Enemies at Home

"To sum up, all in all, I absolutely loved this book."


Flavia Alba, adopted daughter of the much loved Falco, has adopted his calling as an investigator. As a young, widowed and attractive woman she can go where more manly characters cannot go but is also more vulnerable (not that she pays much attention to that). In this, her second case, she is called in to assist Manlius Faustus, a plebian aedile, in a case involving the death of two newly married Romans. The main question relates to the extent to which the household slaves are responsible either directly or by failing in their responsibility to defend their owners. Fearing the worst they have fled for sanctuary to the Temple of Ceres, where their presence is a considerable embarrassment.

As Flavia learns more about the household and the arrangements set in place by the merging of two households instituted by the wedding, she discovers undercurrents of lust, jealousy and fear that contribute to all that happens. As she gets closer to the answer she herself comes into danger. In the end Flavia's cool understanding of human nature and attention to detail leads her to unravel the mystery.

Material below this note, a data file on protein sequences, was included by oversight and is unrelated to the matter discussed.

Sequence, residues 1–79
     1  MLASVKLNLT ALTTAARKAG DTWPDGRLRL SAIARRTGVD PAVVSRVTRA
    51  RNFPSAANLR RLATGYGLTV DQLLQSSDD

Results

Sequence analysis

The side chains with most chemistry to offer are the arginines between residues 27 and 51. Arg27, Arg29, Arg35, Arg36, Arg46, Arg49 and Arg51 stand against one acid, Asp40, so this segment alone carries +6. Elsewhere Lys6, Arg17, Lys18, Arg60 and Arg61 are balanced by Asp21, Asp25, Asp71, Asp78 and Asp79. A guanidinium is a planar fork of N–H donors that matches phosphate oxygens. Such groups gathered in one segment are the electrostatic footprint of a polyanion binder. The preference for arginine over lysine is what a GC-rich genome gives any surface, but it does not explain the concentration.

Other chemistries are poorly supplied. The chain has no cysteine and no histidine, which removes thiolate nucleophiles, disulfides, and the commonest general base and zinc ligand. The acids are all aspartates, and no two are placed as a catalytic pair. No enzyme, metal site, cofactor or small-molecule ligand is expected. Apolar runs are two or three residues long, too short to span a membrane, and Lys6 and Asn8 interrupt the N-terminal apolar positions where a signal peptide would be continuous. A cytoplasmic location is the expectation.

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The dry wit and humour, together with an astute understanding of humanity, is Flavia's inheritance from her father. Those of us who loved Falco will also love Flavia. The humanity of ancient Rome and the flavour of the streets and Roman life are all there in the writing. It is always surprising to read about the similarities between the time of the Caesars and life today. Lindsey Davis' in-depth knowledge of the time and the city make this a vivid and enjoyable tale of people faced with difficult choices against a steaming and in some cases stinking, Rome. The story is intriguing and difficult to second guess, particularly as the politics of slave owning is not familiar to many. I particularly liked the characters in this story. Flavia very much enjoys working with Manlius Faustus and their relationship definitely moves up a notch when he takes on nursing her through a difficult time before she returns home to her parents to recuperate. The slaves are a disparate group of people living together in close proximity and Davis has an excellent way of describing the idiosyncrasies of the individuals in a way that makes you feel you know them. To sum up, all in all, I absolutely loved this book.

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